### 9.2.1 Arithmetic terms

The arithmetic predicates introduced earlier are a good example of this. As was mentioned in Chapter 5, /, `-`, `*`, and `\` are functors, and arithmetic expressions such as `  2+3` are terms. And this is not an analogy. Apart from the fact that we can evaluate them with the help of `is`, for Prolog strings of symbols such as `2+3` really are `identical` with ordinary complex terms:

`?- 2+3 == +(2,3).yes ?- +(2,3) == 2+3.yes ?- 2-3 == -(2,3).yes ?- *(2,3) == 2*3.yes ?- 2*(7+2) == *(2,+(7,2)).yes`

In short, the familiar arithmetic notation is there for our convenience. Prolog doesn't regard it as different from the usual term notation.

Similar remarks to the arithmetic comparison predicates `<`, `=<`, `=:=`, `=\=`, `>` and `>=`:

`?- (2 < 3) == <(2,3).yes ?- (2 =< 3) == =<(2,3).yes ?- (2 =:= 3) == =:=(2,3).yes ?- (2 =\= 3) == =\=(2,3).yes ?- (2 > 3) == >(2,3).yes ?- (2 >= 3) == >=(2,3).yes`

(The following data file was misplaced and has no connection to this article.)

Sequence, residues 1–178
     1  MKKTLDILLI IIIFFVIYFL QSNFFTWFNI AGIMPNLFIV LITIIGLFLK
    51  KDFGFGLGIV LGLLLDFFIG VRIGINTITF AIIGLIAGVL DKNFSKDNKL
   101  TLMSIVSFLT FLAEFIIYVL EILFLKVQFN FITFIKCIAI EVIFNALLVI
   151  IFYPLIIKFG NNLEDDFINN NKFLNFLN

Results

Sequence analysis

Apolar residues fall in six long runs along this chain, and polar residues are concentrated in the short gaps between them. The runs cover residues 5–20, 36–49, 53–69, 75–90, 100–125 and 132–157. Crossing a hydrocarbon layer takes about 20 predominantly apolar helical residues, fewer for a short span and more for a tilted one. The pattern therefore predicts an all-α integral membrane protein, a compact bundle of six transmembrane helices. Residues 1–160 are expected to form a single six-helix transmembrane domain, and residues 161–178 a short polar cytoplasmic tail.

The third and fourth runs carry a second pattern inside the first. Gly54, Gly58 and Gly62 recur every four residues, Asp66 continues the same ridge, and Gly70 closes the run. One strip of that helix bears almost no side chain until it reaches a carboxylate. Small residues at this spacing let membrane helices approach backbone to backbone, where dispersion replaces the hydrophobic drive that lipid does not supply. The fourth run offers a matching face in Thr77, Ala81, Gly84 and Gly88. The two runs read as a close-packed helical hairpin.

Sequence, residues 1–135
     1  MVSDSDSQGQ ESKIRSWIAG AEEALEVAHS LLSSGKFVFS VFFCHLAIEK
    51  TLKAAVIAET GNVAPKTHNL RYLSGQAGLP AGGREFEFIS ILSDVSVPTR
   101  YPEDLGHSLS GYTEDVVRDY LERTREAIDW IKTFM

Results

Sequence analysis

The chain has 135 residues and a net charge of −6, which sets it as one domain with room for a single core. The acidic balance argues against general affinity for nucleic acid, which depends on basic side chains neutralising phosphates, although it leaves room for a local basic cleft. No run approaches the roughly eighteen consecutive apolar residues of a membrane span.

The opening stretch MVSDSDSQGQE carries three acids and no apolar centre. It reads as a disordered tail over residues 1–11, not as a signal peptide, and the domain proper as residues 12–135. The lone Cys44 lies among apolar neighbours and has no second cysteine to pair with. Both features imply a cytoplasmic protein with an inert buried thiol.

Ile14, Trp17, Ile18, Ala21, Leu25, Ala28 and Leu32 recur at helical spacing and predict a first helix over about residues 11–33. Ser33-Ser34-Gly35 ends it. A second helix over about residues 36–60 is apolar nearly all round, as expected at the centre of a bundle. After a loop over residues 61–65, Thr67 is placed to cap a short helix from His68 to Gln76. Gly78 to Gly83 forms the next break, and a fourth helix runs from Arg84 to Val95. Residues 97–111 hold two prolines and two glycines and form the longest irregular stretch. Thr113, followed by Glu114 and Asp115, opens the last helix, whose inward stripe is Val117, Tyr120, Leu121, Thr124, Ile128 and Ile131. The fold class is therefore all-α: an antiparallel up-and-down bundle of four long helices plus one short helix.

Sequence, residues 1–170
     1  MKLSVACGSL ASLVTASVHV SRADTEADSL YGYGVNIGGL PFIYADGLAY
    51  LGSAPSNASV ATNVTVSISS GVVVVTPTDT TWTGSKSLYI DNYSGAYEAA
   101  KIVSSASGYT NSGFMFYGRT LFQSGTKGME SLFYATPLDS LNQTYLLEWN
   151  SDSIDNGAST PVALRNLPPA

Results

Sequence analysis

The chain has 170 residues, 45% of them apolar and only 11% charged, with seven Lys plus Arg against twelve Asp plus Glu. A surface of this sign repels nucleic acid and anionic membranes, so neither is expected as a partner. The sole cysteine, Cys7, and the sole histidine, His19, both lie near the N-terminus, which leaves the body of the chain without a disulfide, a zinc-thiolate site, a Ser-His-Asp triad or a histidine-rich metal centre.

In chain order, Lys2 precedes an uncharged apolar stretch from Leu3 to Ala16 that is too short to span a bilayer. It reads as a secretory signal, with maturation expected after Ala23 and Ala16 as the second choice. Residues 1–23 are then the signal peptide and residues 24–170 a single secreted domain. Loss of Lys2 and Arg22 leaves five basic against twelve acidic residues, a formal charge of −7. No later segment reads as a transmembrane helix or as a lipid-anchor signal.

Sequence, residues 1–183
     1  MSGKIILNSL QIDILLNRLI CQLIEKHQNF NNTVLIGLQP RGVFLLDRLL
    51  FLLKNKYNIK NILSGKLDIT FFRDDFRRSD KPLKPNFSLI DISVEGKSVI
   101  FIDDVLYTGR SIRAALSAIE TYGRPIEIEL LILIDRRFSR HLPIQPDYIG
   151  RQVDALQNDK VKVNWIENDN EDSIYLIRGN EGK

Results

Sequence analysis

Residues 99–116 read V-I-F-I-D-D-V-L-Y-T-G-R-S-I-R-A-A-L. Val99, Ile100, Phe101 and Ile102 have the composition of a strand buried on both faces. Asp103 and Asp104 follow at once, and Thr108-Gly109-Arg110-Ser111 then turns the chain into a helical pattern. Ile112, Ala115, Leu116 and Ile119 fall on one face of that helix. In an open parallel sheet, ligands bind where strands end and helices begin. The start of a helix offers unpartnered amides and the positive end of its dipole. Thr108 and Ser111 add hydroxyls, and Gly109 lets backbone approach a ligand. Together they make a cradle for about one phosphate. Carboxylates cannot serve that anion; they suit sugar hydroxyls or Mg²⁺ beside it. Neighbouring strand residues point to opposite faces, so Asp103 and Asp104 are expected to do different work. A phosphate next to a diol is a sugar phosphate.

Two remarks. First these example show why it's nice to have the user friendly notation (would you want to have to work with expressions like `=:=(2,3)`?). Second, note that we enclosed the left hand argument in brackets. For example, we didn't ask

`2 =:= 3 == =:=(2,3).`

`(2 =:= 3) == =:=(2,3).`
Why? Well, Prolog finds the query `2 =:= 3 == =:=(2,3)` confusing (and can you blame it?). It's not sure whether to bracket the expressions as `(2 =:= 3) == =:=(2,3)` (which is what we want), or `2 =:= (3 == =:=(2,3))`. So we need to indicate the grouping explicitly.
One final remark. We have now introduced three rather similar looking symbols, namely `=`, `==`, and `=:=` (and indeed, there's also `\=`, `\==`, and `=\=`). Here's a summary:
 `=` The unification predicate. ` ` Succeeds if it can unify its arguments, fails otherwise. `\=` The negation of the unification predicate. ` ` Succeeds if `=` fails, and vice-versa. `==` The identity predicate. ` ` Succeeds if its arguments are identical, fails otherwise. `\==` The negation of the identity predicate. ` ` Succeeds if `==` fails, and vice-versa. `=:=` The arithmetic equality predicate. ` ` Succeeds if its arguments evaluate to the same integer. `=\=` The arithmetic inequality predicate. ` ` Succeeds if its arguments evaluate to different integers.